I used to be a member of the Open Cities Film Society, an area group dedicated to showing classic, foreign, and avant-garde movies. So years ago, on most Friday nights, that's where you would find me … and that's where I first saw Billy Wilder’s 1950 film-noir classic Sunset Boulevard. Never in my wildest dreams, though, did I think this dark tale could someday be made into a Tony Award-winning musical. Yet it was. The music by Andrew Lloyd Webber and book and lyrics by Don Black and Christopher Hampton elevate this story of a fading diva to an almost operatic level, and Quad City Music Guild is currently presenting the Sunset Boulevard musical with Broadway-worthy sets, costumes, and performances. Bravo!
Director and scenic designer Kevin Pieper wowed me with the creativity of his sets, and a second “Wow!” goes to his crew for making all the transitions seamless at the August 3 preview – not an easy task, as some of the set pieces are massive. Especially impressive were the two-car garage, arched entrance to Paramount Studios, and interior to Schwab's drug store, with the mansion living room painted a dark, deep mauve, giving it a gloomy, brooding feel. When, at one point, the scene changed from a busy, upbeat Hollywood lot to that room with its velvet sofas, center-stage staircase, Victrola, pipe organ, and fireplace, it felt like I had entered a nightmare. Very effective.
Sunset Boulevard's nightmare begins when debt-ridden screenwriter Joe Gillis accidentally wanders into the dated mansion of former silent-film star Norma Desmond. She convinces him to help her edit a script she has written about Salome – preemptively casting herself as the 16-year-old lead – that she's convinced will be her comeback to stardom. Desperate for money and security, Joe accepts the task and is given room and board. But as Norma becomes needier, Joe finds his situation claustrophobic and scary, given that the 50-year-old star has been living a fantasy in which she's still young and beautiful. Norma believes that she will be great again, and her loyal manservant sustains that belief, protecting her from reality to the point of writing fake fan letters. Between Norma's gifts to him and his newly luxurious lifestyle, Joe is enticed to stay. With her mental state fragile, however, Norma falls in love with the writer, only to be betrayed. From there, all I can say is: Things do not go well.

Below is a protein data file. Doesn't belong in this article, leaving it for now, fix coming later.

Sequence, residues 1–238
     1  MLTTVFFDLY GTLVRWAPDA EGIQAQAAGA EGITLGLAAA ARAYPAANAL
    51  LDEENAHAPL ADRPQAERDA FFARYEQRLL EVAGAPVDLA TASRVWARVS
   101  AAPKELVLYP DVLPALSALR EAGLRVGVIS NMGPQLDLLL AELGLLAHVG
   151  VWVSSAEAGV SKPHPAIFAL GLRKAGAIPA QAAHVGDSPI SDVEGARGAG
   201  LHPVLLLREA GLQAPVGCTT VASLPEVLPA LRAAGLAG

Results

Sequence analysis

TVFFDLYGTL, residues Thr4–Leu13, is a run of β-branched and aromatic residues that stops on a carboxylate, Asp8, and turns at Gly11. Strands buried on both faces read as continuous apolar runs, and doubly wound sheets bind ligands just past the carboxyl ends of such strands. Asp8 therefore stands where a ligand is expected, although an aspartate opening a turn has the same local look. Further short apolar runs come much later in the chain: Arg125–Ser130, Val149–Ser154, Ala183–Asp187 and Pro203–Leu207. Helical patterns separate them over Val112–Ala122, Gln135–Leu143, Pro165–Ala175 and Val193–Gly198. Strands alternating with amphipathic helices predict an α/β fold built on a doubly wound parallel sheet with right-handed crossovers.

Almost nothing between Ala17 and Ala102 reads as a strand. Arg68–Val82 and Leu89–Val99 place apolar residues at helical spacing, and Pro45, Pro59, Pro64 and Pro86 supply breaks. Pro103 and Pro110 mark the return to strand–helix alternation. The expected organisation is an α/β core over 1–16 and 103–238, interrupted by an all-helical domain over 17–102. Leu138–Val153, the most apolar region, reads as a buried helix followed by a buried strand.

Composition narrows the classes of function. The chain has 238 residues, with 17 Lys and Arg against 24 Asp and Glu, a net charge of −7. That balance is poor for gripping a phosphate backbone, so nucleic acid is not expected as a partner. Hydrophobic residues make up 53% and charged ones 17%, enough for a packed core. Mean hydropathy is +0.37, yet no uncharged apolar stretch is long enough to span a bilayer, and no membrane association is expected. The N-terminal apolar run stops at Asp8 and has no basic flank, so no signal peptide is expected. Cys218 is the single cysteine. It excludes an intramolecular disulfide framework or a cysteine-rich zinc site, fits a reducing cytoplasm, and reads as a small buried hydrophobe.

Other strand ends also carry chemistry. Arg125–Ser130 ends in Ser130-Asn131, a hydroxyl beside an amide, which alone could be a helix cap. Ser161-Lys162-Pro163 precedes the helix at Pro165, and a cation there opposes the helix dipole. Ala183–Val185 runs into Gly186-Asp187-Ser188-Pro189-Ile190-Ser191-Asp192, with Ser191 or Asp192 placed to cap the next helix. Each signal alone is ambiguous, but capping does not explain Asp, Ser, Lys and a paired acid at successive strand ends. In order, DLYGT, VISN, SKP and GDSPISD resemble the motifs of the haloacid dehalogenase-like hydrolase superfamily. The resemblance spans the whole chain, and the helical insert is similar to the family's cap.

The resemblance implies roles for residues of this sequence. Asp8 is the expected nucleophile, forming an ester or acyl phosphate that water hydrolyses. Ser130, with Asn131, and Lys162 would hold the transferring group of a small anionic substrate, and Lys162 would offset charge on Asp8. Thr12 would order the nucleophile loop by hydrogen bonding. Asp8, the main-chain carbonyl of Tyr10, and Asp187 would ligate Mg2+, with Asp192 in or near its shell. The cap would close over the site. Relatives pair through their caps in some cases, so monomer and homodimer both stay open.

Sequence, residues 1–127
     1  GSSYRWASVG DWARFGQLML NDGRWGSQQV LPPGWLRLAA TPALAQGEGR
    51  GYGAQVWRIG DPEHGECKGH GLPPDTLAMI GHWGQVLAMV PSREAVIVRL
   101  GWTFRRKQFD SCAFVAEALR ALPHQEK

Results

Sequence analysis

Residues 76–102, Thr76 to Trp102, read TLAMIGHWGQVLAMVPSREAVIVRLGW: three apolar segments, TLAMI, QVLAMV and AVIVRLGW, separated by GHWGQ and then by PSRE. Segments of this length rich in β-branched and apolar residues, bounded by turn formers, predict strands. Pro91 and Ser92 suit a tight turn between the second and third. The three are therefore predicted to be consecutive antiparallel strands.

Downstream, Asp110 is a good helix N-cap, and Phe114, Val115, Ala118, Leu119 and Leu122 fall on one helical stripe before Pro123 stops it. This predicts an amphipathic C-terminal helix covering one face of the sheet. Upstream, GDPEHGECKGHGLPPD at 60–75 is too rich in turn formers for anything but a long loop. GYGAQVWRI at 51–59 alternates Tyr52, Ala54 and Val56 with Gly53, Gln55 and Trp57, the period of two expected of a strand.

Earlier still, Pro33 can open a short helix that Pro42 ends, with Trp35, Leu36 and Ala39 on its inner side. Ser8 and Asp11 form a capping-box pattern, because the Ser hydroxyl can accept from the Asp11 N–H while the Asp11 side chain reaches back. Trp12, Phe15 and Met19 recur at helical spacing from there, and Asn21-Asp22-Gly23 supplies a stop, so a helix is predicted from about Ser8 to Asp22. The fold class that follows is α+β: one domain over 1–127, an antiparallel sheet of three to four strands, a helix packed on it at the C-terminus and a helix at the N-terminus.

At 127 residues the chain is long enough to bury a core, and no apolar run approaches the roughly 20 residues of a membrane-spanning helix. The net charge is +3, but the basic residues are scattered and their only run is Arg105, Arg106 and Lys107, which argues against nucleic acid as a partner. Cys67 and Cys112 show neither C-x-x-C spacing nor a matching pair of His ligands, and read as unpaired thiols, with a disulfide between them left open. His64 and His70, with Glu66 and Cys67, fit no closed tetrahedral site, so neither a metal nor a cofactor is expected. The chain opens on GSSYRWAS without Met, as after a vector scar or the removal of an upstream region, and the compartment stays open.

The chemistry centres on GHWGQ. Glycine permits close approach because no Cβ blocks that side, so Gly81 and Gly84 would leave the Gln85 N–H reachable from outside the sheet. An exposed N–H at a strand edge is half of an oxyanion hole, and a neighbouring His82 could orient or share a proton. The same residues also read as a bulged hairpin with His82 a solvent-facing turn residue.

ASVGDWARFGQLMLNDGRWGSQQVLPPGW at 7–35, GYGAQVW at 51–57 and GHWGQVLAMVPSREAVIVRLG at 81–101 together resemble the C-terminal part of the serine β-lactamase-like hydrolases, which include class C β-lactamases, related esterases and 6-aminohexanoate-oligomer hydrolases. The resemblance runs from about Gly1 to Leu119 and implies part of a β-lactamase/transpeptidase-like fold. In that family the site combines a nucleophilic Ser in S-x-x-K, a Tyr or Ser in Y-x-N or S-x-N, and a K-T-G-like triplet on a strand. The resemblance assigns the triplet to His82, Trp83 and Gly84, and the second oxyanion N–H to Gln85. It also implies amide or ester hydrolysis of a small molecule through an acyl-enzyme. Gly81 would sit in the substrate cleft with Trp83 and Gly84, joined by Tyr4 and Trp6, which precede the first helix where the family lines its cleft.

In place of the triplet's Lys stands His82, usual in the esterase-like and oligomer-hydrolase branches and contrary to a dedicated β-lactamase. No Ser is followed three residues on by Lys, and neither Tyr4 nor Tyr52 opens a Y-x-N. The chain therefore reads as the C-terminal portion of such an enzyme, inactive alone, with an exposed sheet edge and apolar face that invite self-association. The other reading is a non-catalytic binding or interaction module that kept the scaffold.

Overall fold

As Joe, Ian Sodawasser has a powerful singing voice with charm to match, at times acting as narrator of his story and also being at its center as the screenwriter's manipulative plan goes awry. His cynical, fast-paced lyrics about the Hollywood system were delivered with feisty energy in “Let’s Have Lunch,” and when Sodawasser paired with Jennifer Sondgeroth's script reader Betty Shaeffer, their duets were melodic and strong. Sondgeroth displayed a high soprano voice that gained in authority as the evening progressed, especially in the song “Too Much in Love to Care.”
As Norma's ever-faithful butler and chauffeur Max Von Mayerling, John VanDeWoestyne is imposing in both his stature and bass singing voice. Max's adoration for his “Madame” never falters, and in “The Greatest Star of All,” we hear this through VanDeWoestyne's mournful and sometimes angry lament.
But the night belonged to Christina Myatt as Norma Desmond, whose presence on the Music Guild stage was palpable. As the show's reclusive, aging diva, Myatt had full command of her character while running the gamut from robust to decisive to coquettish to needy to deranged to terrifying, and her alto voice was strongest in “With One Look” and “As If We Never Said Goodbye.” Costume designer Cathy Marsoun, meanwhile, added to Norma's goddess persona with turbans, flowing lounging pants, and period gowns layered with silver and gold lamé.
Pieper also assembled an ensemble cast of 20 that didn’t feature a weak performer in the bunch. At times taking on supporting roles, but mostly employed as a Greek chorus, the singing and acting of these performers was spot-on, and it was great to hear live accompaniment played so well by Marcia Renaud’s 16-piece pit orchestra. Technically, there was an issue on Thursday with inconsistent over-amplification for some of the leads while singing, resulting in some piercingly loud notes, but that was hopefully resolved by opening night.
Quad City Music Guild took on the challenging Sunset Boulevard and, even in what was technically a rehearsal, provided an evening of theatre that captured the despair of one person’s desire for love and acceptance. And this entire musical drama is about those basic human needs, and about people like Norma, who crave them in painfully huge amounts while working in an industry that, for women, values beauty and youth above all else. It’s enough to drive a person mad!
Sunset Boulevard runs at the Prospect Park Auditorium (1584 34th Avenue, Moline) through August 13, and more information and tickets are available by calling (309)762-6610 or visiting QCMusicGuild.com.